dogLouie: All grown up now

It’s absolutely ages since I gave you an update on our dog, Louie (named, of course, after Vitton rather than Walsh).  Unlike Mr Walsh, our Louie  really has the X-Factor and he’s not afraid of Sharon Osborne!  Hey, I just know that you’re bursting to hear all about his latest adventures. Here goes…

Tuesday Training:
When Louie was a pup, every Tuesday evening we’d leave the house and drive to ‘dog school’ in the National Exhibition Centre – just past the airport.  My youngest, Nicole and I, had been formally anointed as the ‘dog trainers’ in the family.  The classes kicked off at 7 and ran for an hour.  Not bad for €5.

Puppy Class:
Louie started off in ‘low babies’ (when he was 12 weeks old) and learned tons of stuff.  Sit.  Come. Stay. Down (he’s not too good on that – you can’t keep a good dog down!). Now, as you may well know, the benefit of taking a dog to classes is not actually the training. A lot of owners already know how to work with dogs, from previous experience (you can even get an App for training dogs on your phone).  The real benefit of the classes is that the dog gets to ‘socialize’ with other dogs; it avoids them wanting to fight everything on four legs that moves. So, while the training classes remind the owners what to do, the real benefit is putting manners on the dog.

Positive Training: 
Maybe I was tired on Tuesdays or perhaps just generally cranky, but dog-training classes can be hard going. I normally arrived home about 2 minutes before we had to leave again, often skipping dinner. The cavernous space of the National Exhibition centre (freezing cold most of the year), is not particularly inviting. I wanted those classes to be good, to make the trip worthwhile. This is a 2.5 hour round trip– about as long as it takes to get to the Algarve – and it had to pay off.

Changing Instructors:
We were working with one particular instructor and both Nicole and I were finding it difficult to follow the class. The main teaching philosophy was sarcasm (“There’s a man teaching his dog how to bite”; “Nothing wrong with that dog, if it had a good owner”). Now, on one level, getting annoyed by this is stupid. There are no big issues involved and it’s hardly life threatening. Why let yourself get wound up over a dog training class? But it was still a bit irritating. When something is bugging you,  you have to come up with a ‘fix’.  Right?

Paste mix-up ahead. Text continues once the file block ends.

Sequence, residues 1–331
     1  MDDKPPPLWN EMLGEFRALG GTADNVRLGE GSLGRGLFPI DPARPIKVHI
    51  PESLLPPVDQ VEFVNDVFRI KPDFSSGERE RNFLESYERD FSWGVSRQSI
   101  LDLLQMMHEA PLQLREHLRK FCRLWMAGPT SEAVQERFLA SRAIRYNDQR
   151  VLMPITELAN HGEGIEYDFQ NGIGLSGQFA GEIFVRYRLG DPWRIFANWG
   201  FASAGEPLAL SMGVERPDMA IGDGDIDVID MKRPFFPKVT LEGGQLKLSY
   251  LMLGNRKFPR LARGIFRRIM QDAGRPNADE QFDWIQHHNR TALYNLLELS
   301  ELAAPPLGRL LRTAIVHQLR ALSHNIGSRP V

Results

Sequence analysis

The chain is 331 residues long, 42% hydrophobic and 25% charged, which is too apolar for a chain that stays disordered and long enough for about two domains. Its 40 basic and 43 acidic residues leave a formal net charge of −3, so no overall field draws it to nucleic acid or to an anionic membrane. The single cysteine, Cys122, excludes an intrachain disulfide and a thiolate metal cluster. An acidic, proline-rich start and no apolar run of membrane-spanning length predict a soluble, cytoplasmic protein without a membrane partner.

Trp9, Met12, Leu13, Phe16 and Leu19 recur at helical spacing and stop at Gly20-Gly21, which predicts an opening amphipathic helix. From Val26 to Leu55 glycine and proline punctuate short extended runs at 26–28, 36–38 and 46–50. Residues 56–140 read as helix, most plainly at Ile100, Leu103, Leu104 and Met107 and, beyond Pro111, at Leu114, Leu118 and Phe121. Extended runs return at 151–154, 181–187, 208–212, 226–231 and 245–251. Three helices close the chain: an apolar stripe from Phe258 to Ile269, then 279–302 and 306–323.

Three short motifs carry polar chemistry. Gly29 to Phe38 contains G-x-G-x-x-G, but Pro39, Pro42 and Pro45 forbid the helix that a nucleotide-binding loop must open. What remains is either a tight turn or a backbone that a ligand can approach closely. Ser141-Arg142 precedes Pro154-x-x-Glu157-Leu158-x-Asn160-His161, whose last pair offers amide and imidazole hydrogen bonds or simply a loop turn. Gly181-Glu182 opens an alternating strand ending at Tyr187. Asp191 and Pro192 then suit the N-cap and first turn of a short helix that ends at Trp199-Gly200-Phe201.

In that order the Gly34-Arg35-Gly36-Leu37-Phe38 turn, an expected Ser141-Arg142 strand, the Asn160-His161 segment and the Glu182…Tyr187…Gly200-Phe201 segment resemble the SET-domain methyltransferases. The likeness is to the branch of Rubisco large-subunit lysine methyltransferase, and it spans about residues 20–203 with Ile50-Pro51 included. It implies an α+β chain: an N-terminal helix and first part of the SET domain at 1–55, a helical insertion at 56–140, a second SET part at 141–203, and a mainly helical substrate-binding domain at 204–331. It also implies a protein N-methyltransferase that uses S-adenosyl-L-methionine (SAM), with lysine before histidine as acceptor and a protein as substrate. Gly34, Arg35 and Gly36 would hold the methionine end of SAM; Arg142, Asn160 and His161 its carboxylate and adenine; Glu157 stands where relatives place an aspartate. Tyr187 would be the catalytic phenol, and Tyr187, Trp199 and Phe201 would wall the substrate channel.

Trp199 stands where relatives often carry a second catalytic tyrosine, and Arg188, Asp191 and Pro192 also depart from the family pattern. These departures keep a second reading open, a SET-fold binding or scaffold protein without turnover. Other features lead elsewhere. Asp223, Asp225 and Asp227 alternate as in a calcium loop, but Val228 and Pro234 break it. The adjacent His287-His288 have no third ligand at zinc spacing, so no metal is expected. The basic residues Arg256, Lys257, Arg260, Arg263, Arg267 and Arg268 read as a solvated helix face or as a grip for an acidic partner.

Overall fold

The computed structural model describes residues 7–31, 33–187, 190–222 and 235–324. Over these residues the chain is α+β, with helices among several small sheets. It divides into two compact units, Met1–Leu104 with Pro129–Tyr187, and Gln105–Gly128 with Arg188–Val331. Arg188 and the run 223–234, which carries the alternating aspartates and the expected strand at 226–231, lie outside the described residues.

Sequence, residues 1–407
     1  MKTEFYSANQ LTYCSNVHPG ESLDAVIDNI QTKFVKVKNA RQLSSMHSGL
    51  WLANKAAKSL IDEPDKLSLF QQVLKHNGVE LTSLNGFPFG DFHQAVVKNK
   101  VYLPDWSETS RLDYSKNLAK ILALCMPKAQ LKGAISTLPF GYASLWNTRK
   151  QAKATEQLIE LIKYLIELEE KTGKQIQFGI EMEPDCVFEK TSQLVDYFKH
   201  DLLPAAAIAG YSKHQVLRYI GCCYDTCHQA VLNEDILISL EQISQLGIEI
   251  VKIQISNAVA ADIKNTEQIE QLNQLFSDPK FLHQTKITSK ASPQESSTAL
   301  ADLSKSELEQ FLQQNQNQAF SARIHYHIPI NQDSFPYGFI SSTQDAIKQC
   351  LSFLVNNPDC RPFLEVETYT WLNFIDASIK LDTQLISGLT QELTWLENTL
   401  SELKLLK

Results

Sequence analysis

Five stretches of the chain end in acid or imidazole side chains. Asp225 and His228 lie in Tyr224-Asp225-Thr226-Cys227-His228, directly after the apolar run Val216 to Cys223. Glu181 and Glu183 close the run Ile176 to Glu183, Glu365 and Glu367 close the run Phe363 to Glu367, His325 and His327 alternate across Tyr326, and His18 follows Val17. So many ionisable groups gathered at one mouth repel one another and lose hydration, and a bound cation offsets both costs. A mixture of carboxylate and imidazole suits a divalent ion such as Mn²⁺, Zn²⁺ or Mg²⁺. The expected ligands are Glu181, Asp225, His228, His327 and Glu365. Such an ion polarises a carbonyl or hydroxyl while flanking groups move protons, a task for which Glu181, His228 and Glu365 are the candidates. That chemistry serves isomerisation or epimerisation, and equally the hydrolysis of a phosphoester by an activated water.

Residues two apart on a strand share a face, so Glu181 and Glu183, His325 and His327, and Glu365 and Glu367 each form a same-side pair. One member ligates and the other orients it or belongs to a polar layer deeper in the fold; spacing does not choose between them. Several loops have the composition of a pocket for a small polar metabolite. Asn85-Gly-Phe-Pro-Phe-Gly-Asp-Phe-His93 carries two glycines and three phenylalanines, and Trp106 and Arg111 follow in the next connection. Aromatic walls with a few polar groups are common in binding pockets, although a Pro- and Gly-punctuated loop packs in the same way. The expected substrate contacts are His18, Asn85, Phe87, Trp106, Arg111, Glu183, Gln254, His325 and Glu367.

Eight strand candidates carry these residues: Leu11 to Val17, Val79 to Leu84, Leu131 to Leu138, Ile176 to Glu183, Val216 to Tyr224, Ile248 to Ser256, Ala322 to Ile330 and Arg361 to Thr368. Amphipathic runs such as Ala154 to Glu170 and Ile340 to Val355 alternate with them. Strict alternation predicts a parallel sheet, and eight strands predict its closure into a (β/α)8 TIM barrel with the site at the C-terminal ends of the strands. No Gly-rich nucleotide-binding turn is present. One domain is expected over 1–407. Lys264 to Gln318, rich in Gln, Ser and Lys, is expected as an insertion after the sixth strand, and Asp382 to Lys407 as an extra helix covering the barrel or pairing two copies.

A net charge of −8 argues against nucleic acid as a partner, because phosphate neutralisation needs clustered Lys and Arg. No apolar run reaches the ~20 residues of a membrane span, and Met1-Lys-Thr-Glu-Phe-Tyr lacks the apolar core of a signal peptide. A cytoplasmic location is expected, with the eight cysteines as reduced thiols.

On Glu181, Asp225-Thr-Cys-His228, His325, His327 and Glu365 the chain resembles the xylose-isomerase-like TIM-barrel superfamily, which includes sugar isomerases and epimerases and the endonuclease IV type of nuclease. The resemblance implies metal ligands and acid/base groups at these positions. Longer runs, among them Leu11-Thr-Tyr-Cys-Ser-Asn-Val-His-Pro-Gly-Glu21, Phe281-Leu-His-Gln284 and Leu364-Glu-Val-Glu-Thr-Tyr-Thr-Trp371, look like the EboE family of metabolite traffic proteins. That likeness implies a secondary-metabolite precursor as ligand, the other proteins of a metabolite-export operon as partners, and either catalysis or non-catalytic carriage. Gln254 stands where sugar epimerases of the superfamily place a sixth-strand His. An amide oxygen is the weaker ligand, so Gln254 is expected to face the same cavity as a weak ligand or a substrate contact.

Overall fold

New Group:
So, very quietly, I told the trainer that we were unhappy with the class and why and we then moved to another training group. I felt better. Nicole felt better. Louie felt better (we can’t 100% vouch for that). Being assertive starts with small things and becomes an assertiveness habit. It’s that sweet spot that lies somewhere between aggressiveness and timidity. And, I’m pretty sure that the dog trainer was happy to see the back of us. When you suit yourself, you suit everyone. And, you get all sorts of opportunities to practice. Here’s two recent examples:

Aer Lingus: 
A couple of weeks back, I took an Aer Lingus flight and a child was sitting in my designated (4A) window seat. When I politely pointed out that the kid was in my seat, the family asked me to change seats. The alternative was an aisle seat a couple of rows back. I did move (despite the fact that they were cheeky to take up the seat first and ask later). The central point here is that being assertive should not be automatic. You don’t have to ‘take offense’ every time something small happens. The ideal is to be able to turn assertiveness on and off, as you wish.  Evangel reminded us that: “Wisdom is knowing  when to speak your mind and when to mind your speech.” Being assertive is the central suggestion here, but when it suits you rather than on autopilot. That’s not assertiveness; that’s being ‘thin skinned’ (the underpinning psychology if you ‘take offense’  every single time something happens is actually the exact opposite of assertiveness).

Silk Cut Blue:
A guy in a local golf club  travels a lot. One of his buddies had a ‘standing order’ for 200 Silk Cut Blue every time he came through the airport.  It had become a routine request, almost a ‘given’. When planning a recent holiday, his mate asked for his usual pack of smokes. These were purchased and handed over with a request for €200. The smoker nearly collapsed at the high price and said: “Where did you go on holidays?” The reply: “Wexford”.  No further requests for Silk Cut Blue has been made since.

In an effort to ‘please everyone’ you can easily end up pleasing no-one. While you don’t need to go around like Genghis Khan – it’s stupid to be a pushover.  The good news about becoming assertive is that you will have tons of opportunity to practice. Now get out there and get going. Because, like the L’Oreal slogan, you’re worth it.

 

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